He considered that these two forms of morality gave rise to two different personal attitudes to the world. Those who followed master morality seek to develop themselves,to explore every potential to its limit and even to give their lives for the sake something higher. By contrast those following slave morality would be mainly concerned with self‐preservation.

The threat of Christian ascetic

Nietzsche saw traditional Christian morality as threat. It appeared to him to inhibit the natural development of strength and by emphasising the weakness of man, it undermined a fundamentally positive approach to life which would be necessary for strength and nobility to be recognised and approved .

Those who suffer think that they are to blame for their suffering . The concept of a sinner create a sense of guilt as a response to suffering and this is encouraged by what he calls the ascetic ideal. Those who are sickly blame themselves as sinners for their plight. The fact that someone feels guilty does not prove that he or she should be guilty. Guilt is interpretation,not fact,but it is an interpretation that Nietzsche ascribes to Christian morality.

Ascetic ideals are hostile to life. Nietzsche sees them within the Judaeo‐Christian tradition and the secular forms of them accepted in the Western philosophy he saw around him. It is these anti‐life ideals that he considers to be poisoning the life of the state. Although he saw.

its influence as harmful Nietzsche also saw the power of the ascetic ideal,the slave morality,and asked why it should have gained such power. His answer is that it something to fill the void of a world without meaning and some consolation in the meaningless suffering. In other words human kind revolts the idea of complete meaningless. It would rather accept a negative attitude to life than to have no attitude at all. It craves meaning it offered is laden with a sense of personal guilt and unworthiness.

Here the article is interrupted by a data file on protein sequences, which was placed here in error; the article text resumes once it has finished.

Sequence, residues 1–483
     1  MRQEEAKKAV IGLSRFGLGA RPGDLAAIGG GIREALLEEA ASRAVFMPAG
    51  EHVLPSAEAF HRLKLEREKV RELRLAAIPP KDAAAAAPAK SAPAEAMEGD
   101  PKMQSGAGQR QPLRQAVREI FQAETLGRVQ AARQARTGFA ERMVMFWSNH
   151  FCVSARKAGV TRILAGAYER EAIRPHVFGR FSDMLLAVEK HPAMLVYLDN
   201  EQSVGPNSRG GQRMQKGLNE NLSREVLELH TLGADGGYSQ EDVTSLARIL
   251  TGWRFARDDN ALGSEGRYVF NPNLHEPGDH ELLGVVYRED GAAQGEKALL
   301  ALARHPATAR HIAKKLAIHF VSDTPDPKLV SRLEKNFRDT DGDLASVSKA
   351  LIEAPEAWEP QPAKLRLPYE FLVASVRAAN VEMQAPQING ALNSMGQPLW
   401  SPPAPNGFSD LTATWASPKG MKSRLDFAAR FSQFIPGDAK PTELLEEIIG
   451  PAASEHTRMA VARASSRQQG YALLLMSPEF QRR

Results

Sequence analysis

Nietzsche’s criticism of Church morality is made clear in a section entitled (Morality as Anti ‐ nature “in Twilight of Idols. “The Church combats the the passions with excision in every sense of the word: its practice ,its “cure” is castration. It never asks ‘How can one spiritualise, beautify,deify a desire?’‐ it has at all times laid the emphasis of its discipline on extrication ( of sensuality,of pride ,of lust for power, of avarice , of revengeful ness). But attack the passions at their roots means to attack life at its roots : the practice of the Church is hostile to life…”.

The eternal recurrence

Everything in the world is linked together happiness and sorrow,success and tragic failure – and one cannot accept some parts of it without accepting them all. For Nietzsche the triumph of Superman and indeed of any one who can say” Yes” wholeheartedly to anything is this this absolute and positive affirmation of the world just as it is,however, much pain it might involve. Whatever meaning and purpose there is in life it is given that meaning by humankind. There is no God, no external guarantor or provider of meaning.

The eternal recurrence presents those who think morally with a fundamental question. Are we attempting through our ideals and sense of what is good to escape from the reality of the world as it is? Or are we prepared to,say Yes to the mixture of experiences,both happy and painful that are reality of life and with in that context exercise our will in order to shape our destiny?

Challenge and a problem

The positive morality if the Superman is a reality that accepts life just as it is and says Yes to it that develops its limit and is not deflected by self‐pity or any substitute, otherworldly goals. The only criterion for moral action is self‐transcendence – to develop oneself. One’s action becomes morally good if done with conviction, and without the prospect of self‐ contradiction if everyone else does the same

Summary List

In a world without God one needs the courage to face one’s situation,sets one’s own goals and say ‘Yes’ to life.

Humankind is to strive to beyond itself and to allow that quest to give meaning to life. (Contd.)